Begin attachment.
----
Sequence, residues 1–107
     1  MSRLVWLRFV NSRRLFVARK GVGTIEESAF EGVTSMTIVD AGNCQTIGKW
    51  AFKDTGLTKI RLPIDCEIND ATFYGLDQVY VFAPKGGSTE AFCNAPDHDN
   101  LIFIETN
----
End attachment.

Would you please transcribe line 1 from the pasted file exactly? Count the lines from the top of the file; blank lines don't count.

Sequence, residues 1–107